There's nothing currently available that I particularily like, I suppose the closest would be the MSR Hubba HP but I'd only be saving about 400g and the Hubba HP pitches inner 1st. I don't consider inner 1st to be a deal breaker but combined with the weight it put me off.

In the end I decided on something that might prove to be a suitable replacement, significantly lighter than the Phreeranger although it isn't a style that I'm particularily keen on. I should get it next week but will it be a keeper or yet another return?


  1. I think the Prism 2 is a bit heavy. Have a look at the North Face Zephyr, i am pleased with it and at 280gr is ideal.

  2. That looks good, unfortunately I ordered the Prism but I could always send it back.

  3. I am about to review the Prism for the 11 days I used it on the TMB. It's a great jacket - heavy at 414g but it's warmer than the Nano Puff which is 260g. That makes me wonder if the North Face Zephyr might also be more like the Nano Puff. The Prism is really well made too.

  4. I know the feeling when it comes to a kit review and then selling of stuff. It is a good thing to do. Be ready to own up to bad buys and move on and adapt your kit. The reason for me is still to have the perfect three season set up that does not intrude in any way with kit failing or discomfort while on a multi day walk. Q. is the reactor that good?

  5. @ Maz, yeah perhaps the Prism is closer to what I'm looking for in the end, I like the Flux but it's just a bit warmer than I need.

    @ Martin, You know without actually trying stuff the best we can do is look at each other's reviews/opinions and you can tell to a degree if someone has a similar outlook which is why blogs are so good. In the end though we each have preferences and areas for compromise and it may well be a small detail that becomes the deal breaker.

    Is the Reactor that good? if you want a fast, fuel efficient water boiler with consistant performance and fast set-up then yes, I say it is. The downsides are you can't use normal pots and it's slightly bulky/heavy depending on what you're comparing it to.

  6. Sorry, it should have read TNF Zephyrus.

  7. Am also looking at ice-axe & crampon courses so if you think the Gregory would take ice-axes & is durable enough, I might take it off your hands...

  8. Mac E - love your blog. I believe this may be my first post. What about water treatment? What is in your kit these days? Do I remember correctly that you used to use an inline, gravity-fed sort of thing? What was your verdict on that piece of gear?

  9. Just found it: Aquaguard Eliminator. Would love to hear your thoughts on this since the last time you wrote about it.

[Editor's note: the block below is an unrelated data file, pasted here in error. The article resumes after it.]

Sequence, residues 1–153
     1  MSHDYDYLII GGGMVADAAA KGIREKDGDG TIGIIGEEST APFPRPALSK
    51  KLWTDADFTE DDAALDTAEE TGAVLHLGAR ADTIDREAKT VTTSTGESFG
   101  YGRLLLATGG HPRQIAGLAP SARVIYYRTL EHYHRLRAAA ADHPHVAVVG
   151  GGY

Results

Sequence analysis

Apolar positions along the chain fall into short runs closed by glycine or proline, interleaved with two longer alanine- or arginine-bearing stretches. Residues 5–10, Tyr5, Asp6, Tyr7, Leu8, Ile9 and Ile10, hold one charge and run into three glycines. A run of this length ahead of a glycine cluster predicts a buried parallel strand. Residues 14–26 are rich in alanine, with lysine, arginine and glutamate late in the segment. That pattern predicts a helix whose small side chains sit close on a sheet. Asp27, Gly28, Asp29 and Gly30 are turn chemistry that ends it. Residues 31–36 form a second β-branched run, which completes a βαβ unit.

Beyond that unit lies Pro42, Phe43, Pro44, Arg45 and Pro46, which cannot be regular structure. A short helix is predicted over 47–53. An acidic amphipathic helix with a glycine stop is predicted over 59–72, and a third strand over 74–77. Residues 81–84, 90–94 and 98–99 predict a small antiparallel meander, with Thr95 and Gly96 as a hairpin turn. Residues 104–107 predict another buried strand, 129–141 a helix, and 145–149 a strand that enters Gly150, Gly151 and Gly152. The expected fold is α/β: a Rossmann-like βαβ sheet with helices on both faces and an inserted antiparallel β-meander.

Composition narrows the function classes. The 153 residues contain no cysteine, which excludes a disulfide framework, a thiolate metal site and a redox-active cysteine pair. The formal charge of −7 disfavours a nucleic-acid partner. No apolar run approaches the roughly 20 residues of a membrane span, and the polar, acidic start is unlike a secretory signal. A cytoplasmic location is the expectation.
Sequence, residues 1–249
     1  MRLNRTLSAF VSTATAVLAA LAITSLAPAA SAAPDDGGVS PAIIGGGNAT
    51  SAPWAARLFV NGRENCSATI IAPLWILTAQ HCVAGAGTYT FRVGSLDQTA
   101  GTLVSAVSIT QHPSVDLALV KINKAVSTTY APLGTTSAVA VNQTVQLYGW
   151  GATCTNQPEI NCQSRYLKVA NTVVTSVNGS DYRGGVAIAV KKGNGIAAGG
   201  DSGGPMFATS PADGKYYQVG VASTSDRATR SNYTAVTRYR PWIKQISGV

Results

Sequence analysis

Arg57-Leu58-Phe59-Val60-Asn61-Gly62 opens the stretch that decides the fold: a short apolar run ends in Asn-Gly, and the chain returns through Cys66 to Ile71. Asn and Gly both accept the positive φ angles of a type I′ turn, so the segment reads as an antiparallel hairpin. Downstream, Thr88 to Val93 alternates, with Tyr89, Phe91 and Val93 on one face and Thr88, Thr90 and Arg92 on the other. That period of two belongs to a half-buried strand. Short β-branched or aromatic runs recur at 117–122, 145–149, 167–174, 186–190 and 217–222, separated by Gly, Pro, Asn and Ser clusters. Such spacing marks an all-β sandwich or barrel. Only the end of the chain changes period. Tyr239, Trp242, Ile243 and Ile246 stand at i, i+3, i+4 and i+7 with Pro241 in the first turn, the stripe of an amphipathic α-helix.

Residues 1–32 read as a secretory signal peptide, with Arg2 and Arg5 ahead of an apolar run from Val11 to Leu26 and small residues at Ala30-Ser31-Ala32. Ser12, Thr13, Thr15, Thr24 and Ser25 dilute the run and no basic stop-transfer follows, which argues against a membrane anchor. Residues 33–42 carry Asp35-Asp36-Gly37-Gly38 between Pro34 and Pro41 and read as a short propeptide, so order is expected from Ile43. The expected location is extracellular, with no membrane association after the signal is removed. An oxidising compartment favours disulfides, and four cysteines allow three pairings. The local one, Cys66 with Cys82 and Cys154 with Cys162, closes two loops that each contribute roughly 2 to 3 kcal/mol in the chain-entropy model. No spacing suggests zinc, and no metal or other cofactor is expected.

10. Hi, yes I still use the Aquaguard Eliminator inline filter but also use the Aquagear filter bottle depending on where I'm going. I still rate the inline filter very highly as it's extremely versatile and probably the reason I haven't mentioned it recently is down to the fact that it simply gets on with the job efficiently. I've also considered the 'Super Delios' filter system as reviewed by Alan (The Odyssee, see above) as it's lighter although I think that it doesn't deal with chemical contamination.

  11. Hi Mac E! You have a nice blog, I've found a lot of good information on your pages. Thanks for the tip on the Aquaguard filter - I'm looking for a water treatment system and that might be a good option.

  12. Thanks for your thoughts on the Aquaguard products. You've encouraged me to give them a try, despite a bad experience with a Safewater Anywhere bottle filter 10 years ago during my thru-hike of the Appalachian Trail in the US. Initially, the device worked well, but it became increasingly difficult to squeeze the water through. After a phone call with the manufacturer, we determined that after many consecutive days of use (over 5 weeks), the filter would suffer from a growth (bacterial or algae...), thus clogging it. Since I did not have the time to dismantle and dry the whole bottle in the field during a long distance hike, I resorted to cleaning it with bleach once a week. Which, of course, is just one more thing to carry!

  13. I don't believe Safewater is in business anymore, but here is a link to a description and photo of the bottle I had:

  14. Mac E
    Great blog as usual, i'm considering getting a Montane Fireball smock as an extra insulation layer @ 240g it may be up your street.
    El Manana

  15. Thanks El M, I'll have a look at the Fireball as I haven't bought anything yet.